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Poverty dynamics and health in late childhood in the UK: evidence from the Millennium Cohort Study
  1. Eric T C Lai1,
  2. Sophie Wickham,
  3. Catherine Law2,
  4. Margaret Whitehead1,
  5. Benjamin Barr1,
  6. David Taylor-Robinson1
  1. 1 Department of Public Health and Policy, University of Liverpool, Liverpool, UK
  2. 2 UCL Great Ormond Street Institute of Child Health, London, UK
  1. Correspondence to Dr Eric T C Lai; etcl{at}liverpool.ac.uk

Abstract

Objective To assess the prevalence of different trajectories of exposure to child poverty and their association with three indicators of adolescent physical and mental health in UK children.

Methods We analysed data on 10 652 children from a large, prospective, nationally representative sample in the UK Millennium Cohort Study. The outcomes were mental health, measured by the Strengths and Difficulties Questionnaire (SDQ), physical health, measured by obesity and any longstanding illness, at age 14. The exposure was relative poverty (<60% of median of equivalised household income), measured at 9 months, 3, 5, 7, 11 and 14 years. Poverty trajectories were characterised using latent class analysis. ORs and 95% CIs were estimated using multivariable logistic regression, adjusted for maternal education and ethnicity.

Results Four poverty trajectories were identified: never in poverty (62.4%), poverty in early childhood (13.4%), poverty in late childhood (5.0%) and persistent poverty (19.4%). Compared with children who never experienced poverty, those in persistent poverty were at increased risk of mental health problems (SDQ score≥17 (adjusted OR (aOR): 3.17; 95% CI: 2.40 to 4.19)), obesity (aOR: 1.57; 95% CI: 1.20 to 2.04) and longstanding illness (aOR: 1.98; 95% CI: 1.55 to 2.52). Poverty in early childhood was related to higher risk of obesity than that in late childhood, while the opposite is observed for mental health problems and longstanding illness.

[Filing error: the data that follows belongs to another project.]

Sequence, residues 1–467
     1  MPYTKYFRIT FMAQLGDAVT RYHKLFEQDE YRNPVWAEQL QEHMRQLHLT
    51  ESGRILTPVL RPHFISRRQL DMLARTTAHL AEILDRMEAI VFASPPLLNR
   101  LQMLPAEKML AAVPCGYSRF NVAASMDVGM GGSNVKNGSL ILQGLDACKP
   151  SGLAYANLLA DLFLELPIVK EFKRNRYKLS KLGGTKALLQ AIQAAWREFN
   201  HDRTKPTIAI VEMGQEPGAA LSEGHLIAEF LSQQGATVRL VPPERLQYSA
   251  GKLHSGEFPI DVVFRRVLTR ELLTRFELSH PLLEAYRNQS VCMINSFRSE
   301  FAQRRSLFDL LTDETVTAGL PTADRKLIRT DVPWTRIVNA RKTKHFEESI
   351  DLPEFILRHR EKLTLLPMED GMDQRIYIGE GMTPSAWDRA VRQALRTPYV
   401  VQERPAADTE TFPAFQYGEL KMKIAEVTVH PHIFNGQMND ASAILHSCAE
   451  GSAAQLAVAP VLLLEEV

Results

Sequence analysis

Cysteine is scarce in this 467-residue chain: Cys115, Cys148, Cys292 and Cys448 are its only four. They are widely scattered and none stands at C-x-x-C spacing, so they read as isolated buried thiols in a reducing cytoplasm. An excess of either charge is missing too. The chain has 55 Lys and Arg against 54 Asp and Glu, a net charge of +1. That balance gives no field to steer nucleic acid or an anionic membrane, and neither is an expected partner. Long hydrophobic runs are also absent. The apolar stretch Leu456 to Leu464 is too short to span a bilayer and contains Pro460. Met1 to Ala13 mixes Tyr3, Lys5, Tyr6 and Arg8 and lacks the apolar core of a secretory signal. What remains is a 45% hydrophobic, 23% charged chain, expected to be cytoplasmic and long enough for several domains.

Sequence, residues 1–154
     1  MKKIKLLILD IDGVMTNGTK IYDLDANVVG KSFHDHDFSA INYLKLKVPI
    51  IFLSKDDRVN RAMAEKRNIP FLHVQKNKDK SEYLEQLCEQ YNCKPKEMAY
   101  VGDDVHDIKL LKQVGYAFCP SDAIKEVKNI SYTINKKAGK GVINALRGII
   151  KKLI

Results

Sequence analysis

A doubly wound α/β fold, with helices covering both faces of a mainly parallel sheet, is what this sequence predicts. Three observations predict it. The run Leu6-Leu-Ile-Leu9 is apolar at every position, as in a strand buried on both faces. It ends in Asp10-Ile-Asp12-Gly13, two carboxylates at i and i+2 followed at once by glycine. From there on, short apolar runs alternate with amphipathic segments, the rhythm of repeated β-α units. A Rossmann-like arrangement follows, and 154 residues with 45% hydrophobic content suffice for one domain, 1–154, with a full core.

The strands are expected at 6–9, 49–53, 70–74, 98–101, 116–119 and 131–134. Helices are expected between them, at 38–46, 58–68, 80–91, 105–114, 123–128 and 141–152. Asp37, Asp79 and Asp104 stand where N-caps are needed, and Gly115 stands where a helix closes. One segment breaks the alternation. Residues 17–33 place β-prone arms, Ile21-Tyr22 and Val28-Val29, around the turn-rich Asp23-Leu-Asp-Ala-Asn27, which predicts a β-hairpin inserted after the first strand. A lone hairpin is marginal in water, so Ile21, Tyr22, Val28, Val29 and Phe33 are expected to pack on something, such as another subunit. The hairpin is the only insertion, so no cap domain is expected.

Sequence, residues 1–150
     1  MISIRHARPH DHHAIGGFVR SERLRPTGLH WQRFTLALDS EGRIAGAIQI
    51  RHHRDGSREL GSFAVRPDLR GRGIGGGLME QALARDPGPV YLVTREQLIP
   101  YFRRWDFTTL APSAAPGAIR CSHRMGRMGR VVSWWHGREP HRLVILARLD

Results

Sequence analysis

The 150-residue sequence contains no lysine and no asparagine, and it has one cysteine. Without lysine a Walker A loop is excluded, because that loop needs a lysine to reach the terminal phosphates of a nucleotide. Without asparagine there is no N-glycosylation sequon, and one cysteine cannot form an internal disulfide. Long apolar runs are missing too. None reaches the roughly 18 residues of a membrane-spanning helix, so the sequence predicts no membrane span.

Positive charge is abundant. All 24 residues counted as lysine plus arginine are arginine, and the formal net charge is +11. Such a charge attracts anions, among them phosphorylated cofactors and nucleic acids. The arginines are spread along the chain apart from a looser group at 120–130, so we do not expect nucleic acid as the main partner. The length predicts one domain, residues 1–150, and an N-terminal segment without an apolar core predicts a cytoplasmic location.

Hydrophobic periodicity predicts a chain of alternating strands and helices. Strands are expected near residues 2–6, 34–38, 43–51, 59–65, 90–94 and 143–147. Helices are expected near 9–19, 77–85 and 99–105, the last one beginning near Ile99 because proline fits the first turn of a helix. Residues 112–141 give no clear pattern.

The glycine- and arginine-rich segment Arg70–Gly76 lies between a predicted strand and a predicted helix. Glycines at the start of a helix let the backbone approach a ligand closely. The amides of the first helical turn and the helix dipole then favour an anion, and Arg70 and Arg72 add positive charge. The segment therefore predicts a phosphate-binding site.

Conclusions Persistent poverty affects one in five children in the UK. Any exposure to poverty was associated with worse physical and mental health outcomes. Policies that reduce child poverty and its consequences are likely to improve health in adolescence.

  • child poverty
  • trajectories
  • mental health
  • physical health
  • longitudinal study

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Footnotes

  • Contributors ETCL and SW contributed equally, both wrote and conducted the analysis. ETCL, SW and DTR designed and conceptualised the study. CL, MW, BB and DT-R critically revised and contributed intellectually. All the authors reviewed and agreed on the final version of the manuscript.

  • Funding DTR and ETCL are funded by the MRC on a Clinician Scientist Fellowship (MR/P008577/1). SW is funded by a Wellcome Trust Society and Ethics Fellowship (200335/Z/15/Z). This work was also supported by the Farr Institute for Health Informatics Research (MR/M0501633/1).

  • Competing interests None declared.

  • Ethics approval The MCS was reviewed and approved by appropriate research ethics committees at each wave of data collection. This analysis did not require further ethics approval.

  • Provenance and peer review Not commissioned; externally peer reviewed.

  • Patient consent for publication Not required.

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